From Miracles by C.S. Lewis:
Now of course we must agree with Hume that if there is absolutely “uniform experience” against miracles, if in other words they have never happened, why then they never have. Unfortunately we know the experience against them to be uniform only if we know that all the reports of them are false. And we can know all the reports to be false only if we know already that miracles have never occurred. In fact, we are arguing in a circle.
There is also an objection to Hume which leads us deeper into our problem: The whole idea of Probability (as Hume understands it) depends on the principle of the Uniformity of Nature. Unless Nature always goes on in the same way, the fact that a thing had happened ten million times would not make it a whit more probable that it would happen again. And how do we know the Uniformity of Nature? A moment’s thought shows, that we do not know it by experience. We observe many regularities in Nature. But of course all the observations that men have made or will make while the race lasts cover only a minute fraction of the events that actually go on. Our observations would therefore be of no use unless we felt sure that Nature when we are not watching her behaves in the same way as when we are: in other words, unless we believed in the Uniformity of Nature. Experience therefore cannot prove uniformity, because uniformity has to be assumed before experience proves anything. And mere length of experience does not help matters. It is no good saying, “Each fresh experience confirms our belief in uniformity and therefore we reasonably expect that it will always be confirmed”; for that argument works only on the assumption that the future will resemble the past–which is simply the assumption of Uniformity under a new name. Can we say that Uniformity is at any rate very probable? Unfortunately not. We have just seen that all probabilities depend on it. Unless Nature is uniform, nothing is either probable or improbable. And clearly the. assumption which you have to make before there is any such thing as probability cannot itself be probable.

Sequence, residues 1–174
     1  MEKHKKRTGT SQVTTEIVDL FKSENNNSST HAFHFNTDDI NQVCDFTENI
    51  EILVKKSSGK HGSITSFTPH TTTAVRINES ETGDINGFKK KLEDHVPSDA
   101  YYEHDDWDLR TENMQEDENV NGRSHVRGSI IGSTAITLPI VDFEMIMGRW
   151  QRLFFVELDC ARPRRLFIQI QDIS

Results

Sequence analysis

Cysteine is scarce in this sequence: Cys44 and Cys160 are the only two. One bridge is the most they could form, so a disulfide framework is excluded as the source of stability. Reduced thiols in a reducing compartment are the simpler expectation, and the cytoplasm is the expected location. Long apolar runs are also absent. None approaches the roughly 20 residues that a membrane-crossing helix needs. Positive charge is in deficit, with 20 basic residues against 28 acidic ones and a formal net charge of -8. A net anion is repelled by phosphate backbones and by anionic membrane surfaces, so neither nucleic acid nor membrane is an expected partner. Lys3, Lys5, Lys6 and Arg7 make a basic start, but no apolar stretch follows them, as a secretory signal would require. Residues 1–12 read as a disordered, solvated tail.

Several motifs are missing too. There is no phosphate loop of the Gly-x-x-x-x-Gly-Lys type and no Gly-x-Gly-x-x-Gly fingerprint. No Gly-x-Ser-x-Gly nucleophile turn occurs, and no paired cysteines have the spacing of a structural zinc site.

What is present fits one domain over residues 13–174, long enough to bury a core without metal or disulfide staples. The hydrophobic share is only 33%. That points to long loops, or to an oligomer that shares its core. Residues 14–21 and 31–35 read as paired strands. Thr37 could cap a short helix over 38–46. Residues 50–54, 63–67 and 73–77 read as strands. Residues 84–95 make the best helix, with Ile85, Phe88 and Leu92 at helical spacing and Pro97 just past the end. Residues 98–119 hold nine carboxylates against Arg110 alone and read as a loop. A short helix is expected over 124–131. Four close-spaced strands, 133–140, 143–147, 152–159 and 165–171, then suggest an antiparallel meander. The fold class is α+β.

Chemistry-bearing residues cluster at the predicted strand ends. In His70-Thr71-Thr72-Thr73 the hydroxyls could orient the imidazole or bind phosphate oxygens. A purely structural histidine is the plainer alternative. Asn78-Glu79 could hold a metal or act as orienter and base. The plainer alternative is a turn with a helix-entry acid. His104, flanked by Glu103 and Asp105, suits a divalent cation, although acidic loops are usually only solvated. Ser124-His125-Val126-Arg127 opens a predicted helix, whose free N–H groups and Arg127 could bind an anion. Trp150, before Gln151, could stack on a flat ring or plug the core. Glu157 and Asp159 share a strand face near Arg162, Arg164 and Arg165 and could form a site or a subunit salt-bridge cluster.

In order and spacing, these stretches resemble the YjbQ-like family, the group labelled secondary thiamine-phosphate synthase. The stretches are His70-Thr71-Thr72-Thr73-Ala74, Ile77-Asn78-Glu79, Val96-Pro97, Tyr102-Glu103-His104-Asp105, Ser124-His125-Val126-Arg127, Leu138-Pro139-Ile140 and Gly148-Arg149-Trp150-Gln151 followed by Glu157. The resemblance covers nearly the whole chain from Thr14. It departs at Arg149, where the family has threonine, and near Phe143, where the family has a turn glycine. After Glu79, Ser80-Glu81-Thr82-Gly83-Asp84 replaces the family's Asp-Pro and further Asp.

The odd thing is that no man knew this better than Hume. His Essay on Miracles is quite inconsistent with the more radical, and honourable, scepticism of his main work.